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The Order of Augustinian Recollects restructured

One restructured Order of the Augustinian Recollects

Particularly dedicated to the restructuring of the Order and looking towards the revitalization of people and communities, one of the most important decisions of the General Chapter celebrated in Rome in October 2016 was the promulgation of a new structure for the Order of Augustinian Recollects.

In a completely new departure, the Prior General, together with the eight priors provincial, made the following announcement in a video broadcast during this 55th General Chapter:

  «In the afternoon of 24th October (2016), guided by a shared understanding, the 55th General Chapter of the Order of Augustinian Recollects has approved the internal restructuring of the Order. So as to truly live as Augustinian Recollects, encourage the fraternal life in community, carry out the mission that the Church has entrusted to us, and be where we are most needed, the 55th General Chapter has decided to organize the Order into four provinces:

  • Unite the Province of St Augustine to that of St Nicholas of Tolentino.
  • Unite the Province of Our Lady of Consolation to that of Our Lady of Candelaria.
  • Unite the Provinces of St Joseph and St Rita of Cascia to that of St Thomas of Villanueva.
  • Maintain the Province of St Ezequiel Moreno, increasing its presence in a new country in Asia.

Following the vote on this decision, as well as those linked to general and specific provisions concerning the process to follow, the chapter room broke into loud applause, aware of the inspiring plan that from then on would be put into operation with the help of all the brothers».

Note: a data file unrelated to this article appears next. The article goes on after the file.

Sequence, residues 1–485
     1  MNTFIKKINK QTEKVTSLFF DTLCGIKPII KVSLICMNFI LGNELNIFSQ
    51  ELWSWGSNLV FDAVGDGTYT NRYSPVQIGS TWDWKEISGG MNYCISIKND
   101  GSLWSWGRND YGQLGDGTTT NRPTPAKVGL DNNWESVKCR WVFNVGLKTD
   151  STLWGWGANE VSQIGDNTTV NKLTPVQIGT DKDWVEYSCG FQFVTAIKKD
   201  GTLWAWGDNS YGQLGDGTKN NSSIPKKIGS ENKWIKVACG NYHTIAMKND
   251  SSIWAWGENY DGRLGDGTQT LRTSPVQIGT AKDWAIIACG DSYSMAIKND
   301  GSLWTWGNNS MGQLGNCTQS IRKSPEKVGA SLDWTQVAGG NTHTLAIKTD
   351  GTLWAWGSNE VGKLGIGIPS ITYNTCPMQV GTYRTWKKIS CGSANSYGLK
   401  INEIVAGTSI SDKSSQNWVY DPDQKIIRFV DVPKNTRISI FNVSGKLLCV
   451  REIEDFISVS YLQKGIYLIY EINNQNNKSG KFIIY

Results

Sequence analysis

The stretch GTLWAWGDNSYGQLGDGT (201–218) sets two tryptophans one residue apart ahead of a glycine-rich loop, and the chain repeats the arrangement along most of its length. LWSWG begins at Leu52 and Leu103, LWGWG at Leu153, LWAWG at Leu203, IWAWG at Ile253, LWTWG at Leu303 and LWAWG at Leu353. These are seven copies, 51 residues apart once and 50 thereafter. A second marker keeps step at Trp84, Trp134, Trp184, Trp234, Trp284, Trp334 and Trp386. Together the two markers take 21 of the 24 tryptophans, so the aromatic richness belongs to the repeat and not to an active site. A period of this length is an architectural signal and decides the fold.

The Provincial Chapter in May 2018 is the starting point for the merging of the provinces of St Nicholas of Tolentino and St. Augustine; since the announcement of the chapter’s wishes through to this date various meetings are being held, and a Commission for the Merger of Provinces has been set up.

Pope Francis receives the delegates to the 55th General Chapter of the Order of Augustinian Recollects in Rome, October 2016

The Province of St Augustine


The province of St Augustine had an unexpected and premature beginning. The plan took shape at the General Chapter of 1938 when Gabriel Salinas, the capitular delegate for the religious in the United States, without letting anyone know in advance and having obtained the good will of the president of the Chapter, put forward the request for the formation of a province.

Salinas believed in its viability: it was economically self-sufficient, there was a hopeful future, it was hoped that having superiors close at hand would improve discipline and stimulate interest in local vocations. Those present at the chapter not only accepted the idea of creating the Province of St Augustine, but also created a further province, that of St Joseph, from the houses of the Province of St Nicholas of Tolentino in Venezuela and Peru.

Nevertheless, the entry of the United States into the Second World war put the question on the back burner. In 1943 the General Council returned to look at it, obtained authorization from the Congregation for Religious and on 13th December issued its edict. The new Province would bear the name of St Augustine and would have its administrative base in Omaha. On 5th January 1944 the first superiors were appointed. The official installation took place during a solemn celebration in Kansas City. At the time, the province had 52 professed religious and five novices.